To lower risk relating to allegations of harassment, discrimination or retaliation it is important that employers consistently enforce internal policies and procedures. Not just on an individual basis, but across the organization at all levels. This includes enforcing the types of behavior that impact the overall workplace culture (e.g., rude or unprofessional conduct).
A perfect example of how inconsistency can increase risk can be learned from the case Constellium Rolled Products Ravenswood, LLC v. NLRB. This U.S. Court of Appeals for the District of Columbia case illustrates how a workplace culture left to its own devices can undermine efforts to comply with anti-harassment laws/policies and run afoul of broader employee protections under the National Labor Relations Act.
In Constellium, the employer introduced an unpopular overtime sign-up procedure. One employee, protesting the change, wrote the words “whore board” at the top of the sign-in sheet. Taking steps to avoid claims of unlawful harassment, Constellium suspended, then terminated, the employee. The employee thereafter filed an unfair labor practice claim with the National Labor Relations Board (NLRB) claiming interference with the right to engage in concerted activity relating to the terms and conditions of employment.
In investigating the claim, the NLRB found that Constellium had a long history of not enforcing anti-harassment/discrimination laws or its own prevention policies; evidenced by the company’s tolerance of the use of the words “whore board” and other such general profanity by supervisors and employees which permeated the workplace. In other words, “tolerance” through a lack of enforcement gave support to the interference claim by casting suspicion on the employer’s action in terminating the employee (in connection with its internal policies) for this one instance, while essentially ratifying the same behavior company-wide.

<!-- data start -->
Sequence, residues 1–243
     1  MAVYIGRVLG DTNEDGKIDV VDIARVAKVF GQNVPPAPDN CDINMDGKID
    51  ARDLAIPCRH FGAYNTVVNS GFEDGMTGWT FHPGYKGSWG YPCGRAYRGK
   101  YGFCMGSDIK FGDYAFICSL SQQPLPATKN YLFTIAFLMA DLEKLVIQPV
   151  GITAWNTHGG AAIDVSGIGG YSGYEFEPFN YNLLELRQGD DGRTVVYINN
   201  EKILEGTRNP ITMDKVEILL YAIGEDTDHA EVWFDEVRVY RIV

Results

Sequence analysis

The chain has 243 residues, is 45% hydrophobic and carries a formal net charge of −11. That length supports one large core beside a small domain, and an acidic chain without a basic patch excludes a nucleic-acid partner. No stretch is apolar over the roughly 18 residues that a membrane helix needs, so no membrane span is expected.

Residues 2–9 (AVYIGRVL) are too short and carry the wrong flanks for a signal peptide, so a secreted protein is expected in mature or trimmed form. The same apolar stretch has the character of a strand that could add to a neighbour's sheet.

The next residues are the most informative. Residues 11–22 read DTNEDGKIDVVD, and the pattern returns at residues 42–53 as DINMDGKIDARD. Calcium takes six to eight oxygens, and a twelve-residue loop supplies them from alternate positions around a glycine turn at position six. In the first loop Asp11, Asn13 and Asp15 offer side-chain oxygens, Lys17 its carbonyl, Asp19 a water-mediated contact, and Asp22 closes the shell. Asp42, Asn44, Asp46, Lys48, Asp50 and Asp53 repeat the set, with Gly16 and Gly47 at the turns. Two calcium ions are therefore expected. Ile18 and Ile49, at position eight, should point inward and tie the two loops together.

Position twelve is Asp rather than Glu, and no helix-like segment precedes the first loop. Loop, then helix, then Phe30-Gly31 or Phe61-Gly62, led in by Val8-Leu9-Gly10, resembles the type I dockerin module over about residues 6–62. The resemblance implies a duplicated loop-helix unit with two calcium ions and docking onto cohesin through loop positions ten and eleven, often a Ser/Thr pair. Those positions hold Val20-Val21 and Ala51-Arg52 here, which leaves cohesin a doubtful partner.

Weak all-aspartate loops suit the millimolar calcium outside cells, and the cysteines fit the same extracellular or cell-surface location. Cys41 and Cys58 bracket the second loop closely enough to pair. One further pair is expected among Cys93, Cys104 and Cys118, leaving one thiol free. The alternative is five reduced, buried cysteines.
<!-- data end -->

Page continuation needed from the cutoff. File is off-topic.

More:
Terminations supported by documented violations of internal policies will typically provide an employer more protection against allegations of unlawful conduct than if the termination was unsupported. However, an employer’s overall failure to consistently enforce its internal policies can undermine – and place at risk – a valid termination supported by a violation of company policy. Consider the following:
- Make decisions according to company rules, policies, and procedures to ensure consistency and avoid potential claims of discrimination.
- Strive to be professional and maintain a professional working environment. Don’t allow personal feelings or emotions to influence the treatment of employees.
- Observe the following by basing all decisions and actions as to all employees on:
- Company policy and procedure.
- Work performance, including quantity of work, quality of work and conduct at work.
- Past practices in the same circumstance.
- Don’t allow degradation of the work environment through lack of enforcement when it comes to overtly rude or unprofessional behaviors.
- On the other hand, in light of a recent NLRB decision, employers should evaluate whether an employee’s conduct in the course of otherwise protected concerted activity is so severe that it should be found to lose the NLRA’s protections in that setting-specific context.